The LDAP delete operation may be used to remove an entry from the directory server. Both the delete request and the delete response are very simple.

The Delete Request

The delete request protocol operation is defined as follows in RFC 4511 section 4.8:

DelRequest ::= [APPLICATION 10] LDAPDN

RFC 4511 also indicates that the LDAPDN element is a simple octet string with values constrained to be valid DNs as described in RFC 4514. So the delete request protocol op is merely an octet string with BER type 0x4a (application class, primitive, tag number ten) whose value is the string representation of the DN of the entry to remove. For example, a request (with message ID two) to delete entry uid=jdoe,ou=People,dc=example,dc=com would be encoded as:

30 29 -- Begin the LDAPMessage sequence
   02 01 02 -- The message ID (integer value 2)
   4a 24 75 69 64 3d 6a 64 6f 65 -- The delete request protocol op (octet string
         2c 6f 75 3d 50 65 6f 70 -- "uid=jdoe,ou=People,dc=example,dc=com"
         6c 65 2c 64 63 3d 65 78 -- with type application class, primitive,
         61 6d 70 6c 65 2c 64 63 -- tag number ten)
         3d 63 6f 6d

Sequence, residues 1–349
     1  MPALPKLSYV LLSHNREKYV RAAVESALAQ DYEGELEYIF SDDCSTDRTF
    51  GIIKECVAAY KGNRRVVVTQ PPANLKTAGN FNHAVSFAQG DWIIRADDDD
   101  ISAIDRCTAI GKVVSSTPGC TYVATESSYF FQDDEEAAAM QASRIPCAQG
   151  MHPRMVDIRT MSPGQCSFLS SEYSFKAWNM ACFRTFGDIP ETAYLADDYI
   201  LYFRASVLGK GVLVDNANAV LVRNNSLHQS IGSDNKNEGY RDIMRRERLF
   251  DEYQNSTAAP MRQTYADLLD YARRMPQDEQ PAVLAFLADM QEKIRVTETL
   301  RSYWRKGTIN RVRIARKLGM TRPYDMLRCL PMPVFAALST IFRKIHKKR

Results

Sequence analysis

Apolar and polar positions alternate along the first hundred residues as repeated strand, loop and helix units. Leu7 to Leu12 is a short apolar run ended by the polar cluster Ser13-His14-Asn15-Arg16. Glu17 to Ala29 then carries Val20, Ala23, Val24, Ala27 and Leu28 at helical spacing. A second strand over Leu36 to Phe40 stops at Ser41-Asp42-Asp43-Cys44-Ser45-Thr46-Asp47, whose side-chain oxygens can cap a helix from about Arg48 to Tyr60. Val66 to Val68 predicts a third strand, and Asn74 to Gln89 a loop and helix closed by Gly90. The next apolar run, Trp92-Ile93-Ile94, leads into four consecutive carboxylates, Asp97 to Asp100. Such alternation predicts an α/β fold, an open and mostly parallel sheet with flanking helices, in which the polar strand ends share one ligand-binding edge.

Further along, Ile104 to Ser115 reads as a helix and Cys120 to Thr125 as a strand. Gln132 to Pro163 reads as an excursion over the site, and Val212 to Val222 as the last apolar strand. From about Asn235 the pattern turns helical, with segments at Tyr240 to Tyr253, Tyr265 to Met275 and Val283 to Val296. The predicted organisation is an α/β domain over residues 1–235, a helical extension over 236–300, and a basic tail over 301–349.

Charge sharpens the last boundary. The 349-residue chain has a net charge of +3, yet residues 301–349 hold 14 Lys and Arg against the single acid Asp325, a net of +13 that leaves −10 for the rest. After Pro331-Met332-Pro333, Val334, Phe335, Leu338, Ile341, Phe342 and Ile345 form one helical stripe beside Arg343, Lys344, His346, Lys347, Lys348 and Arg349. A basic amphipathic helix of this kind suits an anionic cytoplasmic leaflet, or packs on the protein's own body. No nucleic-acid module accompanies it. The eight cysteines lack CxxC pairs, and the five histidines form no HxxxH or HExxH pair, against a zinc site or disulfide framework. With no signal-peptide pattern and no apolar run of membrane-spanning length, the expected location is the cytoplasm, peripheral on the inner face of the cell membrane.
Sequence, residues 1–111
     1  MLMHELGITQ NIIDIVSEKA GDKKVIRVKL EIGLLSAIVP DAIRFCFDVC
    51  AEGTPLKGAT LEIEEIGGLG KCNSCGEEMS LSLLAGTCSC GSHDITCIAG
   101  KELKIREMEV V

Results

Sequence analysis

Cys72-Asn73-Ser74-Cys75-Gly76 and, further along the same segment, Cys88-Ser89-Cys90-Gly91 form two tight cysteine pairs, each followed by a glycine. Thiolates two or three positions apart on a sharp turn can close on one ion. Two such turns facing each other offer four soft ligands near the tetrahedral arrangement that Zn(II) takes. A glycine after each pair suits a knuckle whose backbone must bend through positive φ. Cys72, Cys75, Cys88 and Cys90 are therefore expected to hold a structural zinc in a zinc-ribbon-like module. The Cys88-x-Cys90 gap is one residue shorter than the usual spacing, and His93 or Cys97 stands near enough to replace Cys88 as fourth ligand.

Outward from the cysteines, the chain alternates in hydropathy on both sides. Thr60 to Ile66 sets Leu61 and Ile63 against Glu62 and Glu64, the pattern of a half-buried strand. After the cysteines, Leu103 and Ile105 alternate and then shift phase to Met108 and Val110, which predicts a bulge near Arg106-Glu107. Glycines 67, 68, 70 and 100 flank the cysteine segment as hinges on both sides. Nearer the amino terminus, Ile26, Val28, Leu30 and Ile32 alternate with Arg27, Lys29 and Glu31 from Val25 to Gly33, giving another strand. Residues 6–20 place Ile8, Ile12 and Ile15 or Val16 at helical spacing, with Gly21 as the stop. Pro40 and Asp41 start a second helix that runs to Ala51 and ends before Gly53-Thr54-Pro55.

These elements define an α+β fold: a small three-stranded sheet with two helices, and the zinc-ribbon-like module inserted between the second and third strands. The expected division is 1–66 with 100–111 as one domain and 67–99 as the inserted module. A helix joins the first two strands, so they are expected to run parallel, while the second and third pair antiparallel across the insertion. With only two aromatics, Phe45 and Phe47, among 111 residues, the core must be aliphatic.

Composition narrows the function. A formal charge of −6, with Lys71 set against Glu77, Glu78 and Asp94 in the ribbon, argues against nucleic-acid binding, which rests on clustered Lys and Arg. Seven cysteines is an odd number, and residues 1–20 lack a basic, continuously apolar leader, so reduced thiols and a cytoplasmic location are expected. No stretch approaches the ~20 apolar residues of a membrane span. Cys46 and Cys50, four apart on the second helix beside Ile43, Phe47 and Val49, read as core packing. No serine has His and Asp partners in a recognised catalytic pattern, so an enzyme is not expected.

The Delete Response

The delete response protocol op is also defined in RFC 4511 section 4.8:

DelResponse ::= [APPLICATION 11] LDAPResult

We’ve already covered the LDAPResult in another section, so the only thing of note here is that when it’s used for the delete response protocol op, it has a BER type of 0x6b (application class, constructed, tag number eleven). So if the above delete request is processed successfully, the corresponding delete response would be encoded as follows:

30 0c -- Begin the LDAPMessage sequence
   02 01 02 -- The message ID (integer value 2)
   6b 07 -- Begin the delete response protocol op
      0a 01 00 -- success result code (enumerated value 0)
      04 00 -- No matched DN (0-byte octet string)
      04 00 -- No diagnostic message (0-byte octet string)

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